Josef,

      the arguably most popular politician in Germany had to resign because of this exact issue and SAP stands to pay a substantial amount of penalties, again for a similar reason. indeed, your attitude seems a bit cavalier if not provocative. you may also get into trouble for claiming Mr Pilsudski’s name. SDN does monitor use and Michal is one of the most valuable contributors and presumably shares IP ownership of all of his content on SDN, but not anywhere else.

      (0) 
    3. Michael Nicholls
      Ignore this person. I supect it’s a fake. His business card says he comes from Christmas Island (probablity .00001) He’s named himself after a Polish figure.
      (0) 
  7. Michal Krawczyk Post author
    Hi,

    thank you all for you valuable comments
    (even those which don’t see the difference between
    copying and pasting without mentioning the source and
    writing something on the basis of something else)

    Thank you,

    Regards,
    Michal Krawczyk

    (0) 
    1. Chris Kernaghan
      I contacted SAPTechies, after the 1st 2 e-mails, I directed them to their terms of service – this seemed to have an effect and the offending article has how been removed.

      I have no idea whether the offender has been contacted by SAPTechies – I assume not but at least my article has not been ripped off.

      My advice is to contact the hosts and quote the terms of service to them to remind them of their responsibility.

      In response to an idea I saw from someone a little more hotheaded than I – using poisoned backlinks will hurt your own page as well as the stolen article

      Thanks

      Chris

      (0) 
  8. I never go to the web sites like http://www.saptechies.com and advise all my colleagues to use site:sap.com addition in Google while doing their research (no offense to “genies”). This pulls the information from SDN, SAP Help, etc. In 99% cases it’s sufficient and greatly reduces the virus risk. If everyone does the same, most of the thiefs will die of natural causes.

    Personally, I only once found my article posted by someone else (not specifying the author explicitly). The article was written for an internal use actually, but I sent it to a couple of colleagues and it went viral from there. I’ve never searched though specifically if anyone has copied my work.

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  9. Jose Nunes
    I know how this kind of digital theft pisses us off and I’m glad to see this kind of blog, because it shows that somebody cares about it and is doing something to fight back.

    Actually, I’ve never reached one of these “copy/paste” sites because I always search the web for SAP content using google with the site:sap.com option in the end of the search criteria.

    Best Regards,
    José Nunes

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  10. Jeanne Carboni
    Hi Michal.  As promised, we investigated the issue you brought up.  Generally, whenever you create content, you own the copyright to it (unless you are creating it as an employee).  As a copyright owner, you have the right to control how others use that content.  For more information regarding copyrights, you may want to look at the Unites States Copyright Office website at http://www.copyright.gov.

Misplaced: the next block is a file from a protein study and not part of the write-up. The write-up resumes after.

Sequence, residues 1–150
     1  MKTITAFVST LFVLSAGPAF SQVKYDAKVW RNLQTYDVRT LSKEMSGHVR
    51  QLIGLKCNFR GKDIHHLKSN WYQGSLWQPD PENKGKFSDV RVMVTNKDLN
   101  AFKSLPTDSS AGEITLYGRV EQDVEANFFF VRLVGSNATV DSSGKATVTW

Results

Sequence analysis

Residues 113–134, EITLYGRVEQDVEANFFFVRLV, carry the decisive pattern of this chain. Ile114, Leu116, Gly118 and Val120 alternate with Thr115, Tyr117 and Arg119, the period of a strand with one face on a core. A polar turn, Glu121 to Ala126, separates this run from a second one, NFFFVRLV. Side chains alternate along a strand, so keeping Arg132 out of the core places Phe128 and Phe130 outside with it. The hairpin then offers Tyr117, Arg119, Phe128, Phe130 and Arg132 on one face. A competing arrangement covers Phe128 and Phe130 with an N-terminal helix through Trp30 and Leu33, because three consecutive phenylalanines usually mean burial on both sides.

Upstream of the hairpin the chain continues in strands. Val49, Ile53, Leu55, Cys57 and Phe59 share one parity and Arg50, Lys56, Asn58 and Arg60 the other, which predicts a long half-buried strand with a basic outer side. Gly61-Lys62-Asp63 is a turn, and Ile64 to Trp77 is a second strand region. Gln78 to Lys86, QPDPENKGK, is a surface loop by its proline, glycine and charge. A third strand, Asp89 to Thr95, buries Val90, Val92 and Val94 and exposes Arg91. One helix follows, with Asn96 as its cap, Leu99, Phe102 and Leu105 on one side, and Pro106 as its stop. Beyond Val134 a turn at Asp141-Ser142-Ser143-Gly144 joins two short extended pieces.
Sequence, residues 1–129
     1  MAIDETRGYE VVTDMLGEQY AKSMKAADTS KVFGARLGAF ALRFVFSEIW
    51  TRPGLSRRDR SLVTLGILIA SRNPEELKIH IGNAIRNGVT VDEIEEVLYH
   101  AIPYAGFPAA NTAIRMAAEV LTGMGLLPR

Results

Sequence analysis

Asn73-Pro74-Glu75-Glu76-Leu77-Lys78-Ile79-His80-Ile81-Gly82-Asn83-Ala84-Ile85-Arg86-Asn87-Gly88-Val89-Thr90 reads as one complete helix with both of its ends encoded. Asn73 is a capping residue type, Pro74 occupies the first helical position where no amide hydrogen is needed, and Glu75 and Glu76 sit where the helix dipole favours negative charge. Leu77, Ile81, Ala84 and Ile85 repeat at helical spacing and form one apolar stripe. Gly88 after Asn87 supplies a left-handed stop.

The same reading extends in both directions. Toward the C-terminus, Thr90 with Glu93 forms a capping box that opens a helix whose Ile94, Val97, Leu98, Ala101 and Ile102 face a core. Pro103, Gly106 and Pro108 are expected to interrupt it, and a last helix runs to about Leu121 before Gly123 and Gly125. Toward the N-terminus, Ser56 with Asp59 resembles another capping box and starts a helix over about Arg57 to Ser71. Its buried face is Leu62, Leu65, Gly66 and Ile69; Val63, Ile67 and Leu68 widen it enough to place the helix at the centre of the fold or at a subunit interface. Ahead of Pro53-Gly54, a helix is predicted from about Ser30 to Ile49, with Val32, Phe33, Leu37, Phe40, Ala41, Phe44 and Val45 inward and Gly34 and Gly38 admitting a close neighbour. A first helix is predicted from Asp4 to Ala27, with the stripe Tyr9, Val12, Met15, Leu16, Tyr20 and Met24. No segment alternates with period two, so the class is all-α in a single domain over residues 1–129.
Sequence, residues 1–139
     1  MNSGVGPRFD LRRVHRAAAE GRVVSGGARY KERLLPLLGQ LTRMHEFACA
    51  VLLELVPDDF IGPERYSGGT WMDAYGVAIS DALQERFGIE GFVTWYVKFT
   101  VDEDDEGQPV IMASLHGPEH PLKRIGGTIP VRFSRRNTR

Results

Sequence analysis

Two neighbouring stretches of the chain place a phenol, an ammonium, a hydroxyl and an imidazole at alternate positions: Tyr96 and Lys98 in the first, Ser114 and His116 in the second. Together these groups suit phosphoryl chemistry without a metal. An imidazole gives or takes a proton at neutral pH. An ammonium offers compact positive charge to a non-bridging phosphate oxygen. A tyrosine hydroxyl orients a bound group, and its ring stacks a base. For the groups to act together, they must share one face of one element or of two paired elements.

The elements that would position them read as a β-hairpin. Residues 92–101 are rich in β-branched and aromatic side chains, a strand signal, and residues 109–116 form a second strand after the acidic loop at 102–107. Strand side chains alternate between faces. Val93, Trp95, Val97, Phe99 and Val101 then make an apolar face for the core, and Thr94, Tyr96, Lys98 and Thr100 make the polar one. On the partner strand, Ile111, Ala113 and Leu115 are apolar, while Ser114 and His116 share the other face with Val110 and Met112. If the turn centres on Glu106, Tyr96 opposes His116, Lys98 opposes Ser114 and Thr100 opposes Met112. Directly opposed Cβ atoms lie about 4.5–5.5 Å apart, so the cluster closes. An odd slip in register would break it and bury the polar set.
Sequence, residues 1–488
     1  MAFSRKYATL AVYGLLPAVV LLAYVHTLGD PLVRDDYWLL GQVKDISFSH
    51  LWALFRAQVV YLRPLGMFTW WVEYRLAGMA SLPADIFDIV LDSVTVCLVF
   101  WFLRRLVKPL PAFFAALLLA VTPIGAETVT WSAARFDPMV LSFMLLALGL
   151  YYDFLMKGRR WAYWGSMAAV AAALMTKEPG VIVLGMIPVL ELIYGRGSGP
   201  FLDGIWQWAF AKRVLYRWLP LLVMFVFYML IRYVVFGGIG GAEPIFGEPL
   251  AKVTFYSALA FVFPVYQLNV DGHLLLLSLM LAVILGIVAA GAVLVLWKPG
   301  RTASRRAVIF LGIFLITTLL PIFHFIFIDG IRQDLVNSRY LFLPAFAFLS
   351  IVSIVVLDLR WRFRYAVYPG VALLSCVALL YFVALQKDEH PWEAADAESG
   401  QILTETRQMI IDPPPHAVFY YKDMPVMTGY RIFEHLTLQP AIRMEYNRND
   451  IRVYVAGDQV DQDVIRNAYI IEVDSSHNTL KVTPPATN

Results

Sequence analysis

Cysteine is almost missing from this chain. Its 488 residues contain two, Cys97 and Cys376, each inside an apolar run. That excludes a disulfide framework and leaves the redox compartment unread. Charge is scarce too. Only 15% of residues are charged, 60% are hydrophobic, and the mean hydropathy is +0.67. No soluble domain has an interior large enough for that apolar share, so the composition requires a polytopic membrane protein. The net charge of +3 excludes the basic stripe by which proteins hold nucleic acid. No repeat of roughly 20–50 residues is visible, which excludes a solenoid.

When you post your content on SAP SDN, you give SAP permission to display it.  When someone else wishes to use, copy, or distribute your content, they generally need to obtain your permission to do so.  If someone uses your content on their website without your permission, they may be infringing your copyright.  You may want to contact that website directly to let them know that they are using your material without permission.  Of course, it is a good idea to speak to your attorney to review these issues with you in more detail, and to learn about your options.

    Best regards,

    Jeanne

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    1. Chris Kernaghan
      Jeanne,

      A sensible yet disappointing answer, the people involved in SDN who post so much of their knowledge and expertise should be afforded some level of protection by the T&C’s.

      Without forums like this which produce such a vibrant ecosystem to help SAP accelerate their product, it is unimaginable that SAP would have captured the imagination of so many bright and innovative people without SDN. These people are doing the most amazing things with SAP products, driving business value and increasing the value of SAP to it’s customers – the least it can do is assist in keeping the Intellectual Property of those helping it safer.

      I am not asking for an SAP Heavy squad on call for every dispute – but the ability/process to have SAP arbitrate or intervene when all other avenues have been exhausted.

      Thanks

      Chris

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  11. Jeanne Carboni
    Hi everyone, 

    I wanted to let you know that I am continuing to investigate this situation.  I’ve gone back to the IP lawyer with concerns that you expressed in your responses.

    Also, I found out that, two years ago.  A website, sap-abap4.com, was stealing our blogs and reposting on their site.  The end result was that we implemented technology that changed the images to “WARNING: THIS CONTENT HAS BEEN STOLEN FROM SAP COMMUNITY NETWORK” if the blogs were being viewed on a website other than SCN.  In the end, the website operator of sap-abap4.com shut down the site.

    For those that are listed here, I wonder if they were copied prior to the solution that was implemented.  Does anyone have that information?

    Stay tuned for more….

    Jeanne